Saturday, 30 April 2016

My old China: I was twenty years too late for Peking

Ironically, North Korea in the 1960s and 1970s had far higher living standards than China and North Koreans would frequently congratulate themselves on not having fallen into the chaos and backwardness of their giant neighbour. It was only in the early nineties, with the end of Russian and Chinese subsidies, that the North Korean economy collapsed. 
James Palmer, Heaven Cracks, Earth Shakes: The Tangshan Earthquake and the Death of Mao's China (2012)
Many years ago a young Romanian friend, Alexandra, was about to go to China and asked me for advice. I gave her three pieces of advice: to observe, not judge and to eat dog. She told me she did all three. I have just come back from China and only followed the first of these. 

Tourism in Peking leaves a bad taste in my mouth. Literally. The taste of Starbucks coffee and Starbucks baguettes.  

A shiny, very modern mega-city has been created by order of the Party in a place which

South Korea is a triumph of the human spirit


I was in South Korea for less than three days, as a holiday within my holiday in China. Since I was a little boy I have wanted to see Portuguese churches under a Chinese sun in Macao but am told it is like Las Vegas now. Instead of Macao it therefore seemed a good idea to get out of China and the flight to Seoul took only ninety minutes, though the queue at passport control took slightly longer. 

South Korea is not my kind of place but I liked it. It is a great triumph of the human spirit.

Utterly ruined and impoverished in 1953 it is now one of the richest countries in the world, not because of mineral resources but because of human resources.



The Gyeongbokgung palace
Seoul is a wonderful argument for capitalism, especially useful against people who worry that the state has too little power and multinational companies too much. South Korea has very little welfare safety net and not too many poets or painters, but there are more and

Friday, 29 April 2016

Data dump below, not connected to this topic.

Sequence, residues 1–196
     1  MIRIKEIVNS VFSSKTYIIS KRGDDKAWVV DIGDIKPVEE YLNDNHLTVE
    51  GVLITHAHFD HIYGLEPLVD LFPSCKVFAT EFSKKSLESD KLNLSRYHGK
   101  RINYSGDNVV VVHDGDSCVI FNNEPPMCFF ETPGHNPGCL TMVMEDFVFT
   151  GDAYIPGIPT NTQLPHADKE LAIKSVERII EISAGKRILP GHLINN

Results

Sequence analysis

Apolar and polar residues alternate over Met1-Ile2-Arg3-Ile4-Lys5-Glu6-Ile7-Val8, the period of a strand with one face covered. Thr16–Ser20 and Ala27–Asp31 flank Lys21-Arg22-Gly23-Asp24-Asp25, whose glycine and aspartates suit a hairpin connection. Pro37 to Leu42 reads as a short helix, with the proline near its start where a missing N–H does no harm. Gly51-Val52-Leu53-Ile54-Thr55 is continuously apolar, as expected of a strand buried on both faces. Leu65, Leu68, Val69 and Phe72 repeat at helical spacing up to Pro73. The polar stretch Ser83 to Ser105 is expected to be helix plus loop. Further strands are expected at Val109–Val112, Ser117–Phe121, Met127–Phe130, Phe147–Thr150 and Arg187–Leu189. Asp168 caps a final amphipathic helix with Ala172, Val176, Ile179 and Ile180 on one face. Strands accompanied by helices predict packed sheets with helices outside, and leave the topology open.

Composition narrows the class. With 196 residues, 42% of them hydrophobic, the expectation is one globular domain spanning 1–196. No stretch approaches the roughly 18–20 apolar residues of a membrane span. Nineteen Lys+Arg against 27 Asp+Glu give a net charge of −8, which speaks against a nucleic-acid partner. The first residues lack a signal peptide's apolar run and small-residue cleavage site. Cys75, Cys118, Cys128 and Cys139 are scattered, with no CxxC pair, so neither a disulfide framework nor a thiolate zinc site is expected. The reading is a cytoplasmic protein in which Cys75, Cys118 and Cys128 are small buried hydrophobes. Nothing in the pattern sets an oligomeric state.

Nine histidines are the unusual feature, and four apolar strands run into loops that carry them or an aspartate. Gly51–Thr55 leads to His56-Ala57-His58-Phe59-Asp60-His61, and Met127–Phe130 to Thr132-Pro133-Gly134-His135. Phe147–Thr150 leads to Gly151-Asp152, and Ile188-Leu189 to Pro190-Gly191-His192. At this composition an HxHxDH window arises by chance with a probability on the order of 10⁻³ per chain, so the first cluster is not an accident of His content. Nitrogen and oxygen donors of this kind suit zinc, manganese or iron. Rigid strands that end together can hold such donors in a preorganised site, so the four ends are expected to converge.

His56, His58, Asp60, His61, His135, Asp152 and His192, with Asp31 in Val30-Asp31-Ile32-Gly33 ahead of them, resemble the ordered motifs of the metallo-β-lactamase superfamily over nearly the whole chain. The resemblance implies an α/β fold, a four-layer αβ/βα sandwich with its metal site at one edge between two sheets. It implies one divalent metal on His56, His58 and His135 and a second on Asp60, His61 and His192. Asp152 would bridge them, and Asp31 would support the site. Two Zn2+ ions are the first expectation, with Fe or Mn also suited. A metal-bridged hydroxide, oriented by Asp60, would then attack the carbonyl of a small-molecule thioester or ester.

Back home after not going to North Korea

I got back to Bucharest last night after two weeks not visiting North Korea. Today I feel bliss that thanks to the rain I can have a long weekend at home with books, rather than go to the seaside. One more outing for this thought from Logan Pearsall Smith
'Thank heavens, the sun has gone in and I don't have to go out and enjoy it.'
I had been supposed to go to North Korea with four pals, but the political situation in North Korea became a little too exciting. I felt the time was not right. But I had bought a ticket to Peking via Istanbul and Kiev, so I spent some days in Peking and flew to South Korea for three days. A good decision, because I would never have chosen to go to China, a place I once glimpsed, and disliked, in a stopover. I still don't like it very much but it is very important indeed. And I met two very interesting and civilised foreigners, both historians, who live there, speak Chinese and explained the country.

I had dinner last night with Marc, one of the four who was just back from North Korea. I was disappointed that I did not get to that room on the border where a North and South Korean soldier eyeball each other. He said he was too.  

A lot in North Korea was as I guessed it would be. It has all been written about by bloggers, but nothing compares with seeing for oneself, which Marc has done and I have not. Pyongyang was impressive and in many ways normal, although the roads were almost empty of traffic. He could talk to people freely, except almost none spoke English. The beer was good. He only saw two old tractors in the countryside. I pointed out that from 1996 to about 2004 I never saw a single tractor in Romania, only ploughs.

He was not afraid while in North Korea, but knew he had to be always on guard. The beautiful and charming twenty-four year old girl who was his guide would, he knew, have killed him without a moment's compunction if ordered to do so. He was in a bubble, but nevertheless found the place fascinating. He warmly recommended that I go and I may well. 

What was the best moment? Oddly, visiting the very odd mausolea of the two deceased Kims. He made it sound like Evelyn Waugh's satire about American funeral directors, The Loved One.
Ian Coles took this shot

Tuesday, 12 April 2016

Stanley Baldwin said 'Freedom is England's secret'

Think before you post or you may receive a visit from us this weekend. Use the internet safely.